E V E N I N G

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Status: Finished  |  Genre: Literary Fiction  |  House: Booksie Classic
On his way to find food, Luke is trapped by a car on a narrow street.

Submitted: July 03, 2014

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Submitted: July 03, 2014

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E V E N I N G

 

Check the eyes. Superstition: small terror-instinct. Rationalise: clearly dead, not sleeping, not breathing. Check the eyes are dead. Black reflections, tunnels to the brain. Blind. Wormholes. Hold my face. Distorted back to me in waves, glancing off its cold mechanical gel. Dead. Did you ever see these two eyes alive? No, stupid question. Dead for sure. Do they move in the head when alive or stay fixed, like windows? Portholes. Cut through the neck, if you can call it that, glitter-thin slit between the skull and the back, down into the wrinkle-skin, wrinkle off the head and sever the horizontal cord, making sure to keep the stink-red water off your shoes, trousers and shirt. Or why not paint your shirt, with the blunt-broken spine? Keep the head, limp hinge. Why? Might be useful. Sad smile. Slice the stomach, spread open. Yes, that's how it's done. Must be a method or technique to lift out the bones and leave the meat intact. How would they do it?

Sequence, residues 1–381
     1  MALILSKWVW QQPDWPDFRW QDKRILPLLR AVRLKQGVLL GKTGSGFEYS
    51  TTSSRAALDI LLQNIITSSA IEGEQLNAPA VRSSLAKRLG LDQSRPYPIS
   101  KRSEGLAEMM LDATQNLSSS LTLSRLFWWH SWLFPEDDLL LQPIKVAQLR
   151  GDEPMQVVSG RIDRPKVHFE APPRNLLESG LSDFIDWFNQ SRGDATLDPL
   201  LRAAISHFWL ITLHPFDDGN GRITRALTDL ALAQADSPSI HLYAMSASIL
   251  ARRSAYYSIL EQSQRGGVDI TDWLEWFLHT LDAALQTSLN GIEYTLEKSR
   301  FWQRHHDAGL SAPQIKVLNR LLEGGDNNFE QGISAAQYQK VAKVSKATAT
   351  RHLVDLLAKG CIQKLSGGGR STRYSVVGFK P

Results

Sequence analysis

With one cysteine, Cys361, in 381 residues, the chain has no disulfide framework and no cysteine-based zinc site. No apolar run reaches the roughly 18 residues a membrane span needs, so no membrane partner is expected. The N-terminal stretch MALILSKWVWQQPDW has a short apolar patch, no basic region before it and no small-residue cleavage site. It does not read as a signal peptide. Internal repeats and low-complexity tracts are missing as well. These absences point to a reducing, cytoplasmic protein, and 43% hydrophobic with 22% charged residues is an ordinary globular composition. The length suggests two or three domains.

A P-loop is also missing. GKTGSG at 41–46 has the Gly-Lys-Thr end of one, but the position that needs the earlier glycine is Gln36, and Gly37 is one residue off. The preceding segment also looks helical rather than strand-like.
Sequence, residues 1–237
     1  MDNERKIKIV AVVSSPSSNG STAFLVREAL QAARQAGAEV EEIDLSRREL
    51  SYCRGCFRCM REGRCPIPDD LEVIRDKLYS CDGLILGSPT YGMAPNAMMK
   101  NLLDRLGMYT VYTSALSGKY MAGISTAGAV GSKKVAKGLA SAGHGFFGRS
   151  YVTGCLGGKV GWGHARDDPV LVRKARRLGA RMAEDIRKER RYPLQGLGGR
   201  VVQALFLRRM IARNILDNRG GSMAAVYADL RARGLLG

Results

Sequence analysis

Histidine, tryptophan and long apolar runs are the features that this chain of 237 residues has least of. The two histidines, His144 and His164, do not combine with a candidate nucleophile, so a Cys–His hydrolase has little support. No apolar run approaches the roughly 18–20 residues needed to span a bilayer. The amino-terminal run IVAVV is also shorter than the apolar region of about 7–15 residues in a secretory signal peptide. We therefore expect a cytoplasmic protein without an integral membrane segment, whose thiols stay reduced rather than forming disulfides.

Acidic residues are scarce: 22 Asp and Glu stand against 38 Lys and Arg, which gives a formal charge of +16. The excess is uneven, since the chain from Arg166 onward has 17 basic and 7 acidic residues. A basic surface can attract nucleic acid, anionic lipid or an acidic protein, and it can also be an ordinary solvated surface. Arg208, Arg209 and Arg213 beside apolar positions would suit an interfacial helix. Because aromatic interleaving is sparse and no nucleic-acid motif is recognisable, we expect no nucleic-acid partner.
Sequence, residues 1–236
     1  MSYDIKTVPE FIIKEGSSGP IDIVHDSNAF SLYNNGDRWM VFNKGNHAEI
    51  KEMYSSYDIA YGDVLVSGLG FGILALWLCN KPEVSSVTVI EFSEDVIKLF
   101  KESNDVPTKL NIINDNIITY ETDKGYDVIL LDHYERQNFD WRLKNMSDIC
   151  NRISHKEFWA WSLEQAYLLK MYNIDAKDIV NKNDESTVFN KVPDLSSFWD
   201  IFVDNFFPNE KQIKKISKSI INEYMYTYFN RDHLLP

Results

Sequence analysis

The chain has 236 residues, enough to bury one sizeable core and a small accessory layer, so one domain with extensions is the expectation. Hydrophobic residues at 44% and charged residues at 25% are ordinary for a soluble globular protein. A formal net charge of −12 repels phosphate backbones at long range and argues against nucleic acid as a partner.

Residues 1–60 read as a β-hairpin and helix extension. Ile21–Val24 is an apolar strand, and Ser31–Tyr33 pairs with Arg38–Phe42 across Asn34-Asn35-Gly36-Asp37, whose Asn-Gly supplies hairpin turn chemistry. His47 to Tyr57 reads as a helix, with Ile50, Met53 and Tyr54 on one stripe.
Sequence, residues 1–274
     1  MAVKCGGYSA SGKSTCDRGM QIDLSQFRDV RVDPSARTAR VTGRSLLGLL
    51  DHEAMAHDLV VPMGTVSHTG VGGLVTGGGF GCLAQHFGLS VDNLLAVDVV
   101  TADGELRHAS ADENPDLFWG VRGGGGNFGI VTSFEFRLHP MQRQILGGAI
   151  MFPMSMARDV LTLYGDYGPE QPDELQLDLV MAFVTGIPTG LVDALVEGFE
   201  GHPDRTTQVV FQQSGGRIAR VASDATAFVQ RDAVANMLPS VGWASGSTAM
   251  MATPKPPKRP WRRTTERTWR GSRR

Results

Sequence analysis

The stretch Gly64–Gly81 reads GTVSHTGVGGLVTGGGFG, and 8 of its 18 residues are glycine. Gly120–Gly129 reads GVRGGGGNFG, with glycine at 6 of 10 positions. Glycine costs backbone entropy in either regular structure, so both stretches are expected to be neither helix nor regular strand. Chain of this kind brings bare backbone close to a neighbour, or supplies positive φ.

Luke's thoughts silently shed their words and take on a worming form: a finger walking on further small fingers: a caterpillar finger with small finger-feet, thinking around the spine, between the ribs, and pushing, parting, separating meat fibres from bone surface. Lifting perfectly, flesh layered in an unbroken film.

 

Tearing. Dirty-breaking away, meat and watery hangings. Less than perfect. Not how they do it, another way, a secret trick, with the knife?

 

Luke is disappointed and receives no pleasure from the act, which he considers a minor failure. No joining thoughts to other bodies, no sensation-links to other meats, no dark-flesh undertones, subconscious venting, no release.

 

It would be so good to pull it out totally clean. Dry the bone. Sun? Oven? And display it. They'd say: he's an odd one. Don't revel in it. Arrogant. Presumptuous. They're not jealous. Concerned for a future psychosis. Obvious obsession. Exhibitionist. Wants attention. Deny the want. They're partly jealous, surely, bored with their moderate mental health. Intelligent tepidity. Fantasise about a breakdown. Like the films. She could be in a film, cut clean from a scene. Beautiful. Call her. No. Stop her. No. Reluctant-lazy-afraid. Child-fear. She'll mother-murder the calm, sex-slaughter the quiet. No. She'll bring good conversation: questions, remarks, ideas, judgements. Exposed. What you don't know. What you can't achieve. Telephone her before she comes and tell her not to bother. Stomach ache. Bowel tumour. Her father. Why think? Shit blood. He must have shit blood. Meat in a bowl. Marinade. Overnight. Too late. One hour. Call her.

 

 

'Hello?'

'Hi, is that Martha?'

'Hello? Luke?

'Yes, I was just–'

'Hi Luke, I was going to call, I can't come tonight, really sorry; another time maybe? Er, are you free next week?'

'Next week; sure, what day?'

'Thursday? Same time?'

'Yeah, okay. Thursday. See you then.'

'See you.'

 

 

Luke drops his phone against the kitchen surface and stares into blank relief. Problem solved. She doesn't want to come. Eat alone? Dull and pathetic. Eat out, go out, walk, before it gets dark. Walk to the pub? Chips? Japanese? Jamaican? Polish? Iranian? Walk and decide.